Qaeda recruit Padilla sentenced to 17 years
MIAMI (Reuters) - Jose Padilla, a Chicago gang member once accused by the Bush administration of plotting a radioactive bomb attack, was sentenced by a U.S. court on Tuesday to 17 years and four months in prison for supporting terrorism.
Padilla and two co-defendants were convicted in August on charges of conspiracy to murder, kidnap and maim people abroad, conspiracy to provide material support for terrorism, and providing material support for terrorism.
The case tested U.S. presidential authority in the war against terrorism and the convictions were hailed by the Bush administration as an important reminder of the threat the nation faced.
U.S. District Judge Marcia Cooke rejected prosecutors' contention that the crimes deserved life prison sentences, noting that while they were "serious," there were no acts of terrorism on U.S. soil, no attacks on officials nor any plot to overthrow the U.S. government.
"There was no evidence the defendants had personally killed or maimed anyone," she said.
"The sentence will serve to inform others ... that conspiracy to support murder, maiming and kidnapping will not be tolerated in this country."
Padilla's co-defendant, Adham Hassoun and Kifah Jayyousi, were sentenced to 15 years and eight months and 12 years and eight months, respectively. All three had faced a maximum sentence of life in prison.
Padilla, a Muslim convert turned al Qaeda recruit, was arrested in Chicago upon his return from abroad in 2002 and initially accused of plotting to detonate a radioactive, or "dirty," bomb in a U.S. city.
HELD WITHOUT CHARGE
President George W. Bush ordered the U.S. military to hold him as an "enemy combatant" without charge, and Padilla was detained in isolation and interrogated in a military brig for 3 1/2 years.
But Padilla was never charged with plotting a bomb attack. After the U.S. Supreme Court agreed to review whether he could be held without charge by presidential order, the government added him to the Miami case and turned him over to civilian authorities.
"It's a tragedy that Mr. Padilla has to spend another day in prison," his lawyer, Michael Caruso, said after the sentencing.
Cooke said she took into account the harsh conditions of Padilla's imprisonment before the Miami case began, saying at times he had no mattress, no books, no entertainment and no contact with relatives.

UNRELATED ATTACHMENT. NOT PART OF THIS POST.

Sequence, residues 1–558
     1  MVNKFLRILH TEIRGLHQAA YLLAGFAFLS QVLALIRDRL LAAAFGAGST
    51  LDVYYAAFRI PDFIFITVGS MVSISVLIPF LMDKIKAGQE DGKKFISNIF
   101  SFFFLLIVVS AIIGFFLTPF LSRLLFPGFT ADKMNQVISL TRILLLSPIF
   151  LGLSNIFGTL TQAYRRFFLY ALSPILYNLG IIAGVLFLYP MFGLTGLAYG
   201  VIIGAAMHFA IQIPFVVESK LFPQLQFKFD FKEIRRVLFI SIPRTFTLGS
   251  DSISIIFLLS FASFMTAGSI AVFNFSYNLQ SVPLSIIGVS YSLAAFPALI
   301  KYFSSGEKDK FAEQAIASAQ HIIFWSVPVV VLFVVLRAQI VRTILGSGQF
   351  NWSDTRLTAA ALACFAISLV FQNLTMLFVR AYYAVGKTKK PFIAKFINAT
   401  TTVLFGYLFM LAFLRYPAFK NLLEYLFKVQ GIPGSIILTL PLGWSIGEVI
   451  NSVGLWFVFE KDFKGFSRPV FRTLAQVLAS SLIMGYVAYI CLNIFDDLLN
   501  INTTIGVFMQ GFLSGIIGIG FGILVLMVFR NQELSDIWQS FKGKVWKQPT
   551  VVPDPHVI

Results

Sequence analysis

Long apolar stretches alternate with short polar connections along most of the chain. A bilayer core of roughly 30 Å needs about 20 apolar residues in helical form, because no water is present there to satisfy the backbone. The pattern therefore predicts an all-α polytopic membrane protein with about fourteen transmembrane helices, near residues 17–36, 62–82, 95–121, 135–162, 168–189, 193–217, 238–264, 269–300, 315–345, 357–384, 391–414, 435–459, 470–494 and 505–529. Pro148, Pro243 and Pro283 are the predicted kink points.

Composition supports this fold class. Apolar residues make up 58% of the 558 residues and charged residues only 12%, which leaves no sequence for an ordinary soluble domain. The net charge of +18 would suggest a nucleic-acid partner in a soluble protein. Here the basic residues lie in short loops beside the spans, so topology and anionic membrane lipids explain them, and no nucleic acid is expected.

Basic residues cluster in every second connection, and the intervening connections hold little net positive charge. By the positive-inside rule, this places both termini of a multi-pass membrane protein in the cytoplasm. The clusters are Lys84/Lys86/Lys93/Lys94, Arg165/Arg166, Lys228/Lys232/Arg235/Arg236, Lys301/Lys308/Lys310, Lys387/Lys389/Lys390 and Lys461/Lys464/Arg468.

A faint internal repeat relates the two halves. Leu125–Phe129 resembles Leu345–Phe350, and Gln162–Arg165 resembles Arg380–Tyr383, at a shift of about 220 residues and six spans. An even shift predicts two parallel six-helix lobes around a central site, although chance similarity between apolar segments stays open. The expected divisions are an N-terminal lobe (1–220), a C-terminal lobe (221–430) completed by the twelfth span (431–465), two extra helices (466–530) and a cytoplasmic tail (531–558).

"I do find that the conditions were so harsh for Mr. Padilla ... that they warrant consideration of the court" in sentencing, she said.
Padilla's mother, Estela LeBron, clapped her hands in the courtroom after the sentence was read and outside the court said she was "very happy."
"They tried to fabricate a case but there was no evidence," she said. "They wanted to send him to die in prison but the government's little game didn't work out."
"He's not a terrorist. He's not an enemy combatant. He's not a member of the Taliban. He's just a human being."
Padilla did not testify at his trial and defense lawyers argued that he had gone to Egypt to peacefully study Islam and Arabic. The main evidence against him was an application to attend an al Qaeda training camp in Afghanistan.
Most of the trial focused on intercepted phone calls in which Hassoun and Jayyousi discussed picnics, vegetables and sporting events in the 1990s. Government witnesses said those were coded references to supplies and recruits intended for wars in Chechnya, Kosovo, Afghanistan and elsewhere.
Lawyers for Hassoun, a Lebanese-born Palestinian computer programmer, and Jayyousi, a Jordanian-born U.S. citizen and Navy veteran, argued that they supported charities providing legitimate aid to Muslim victims of atrocities.
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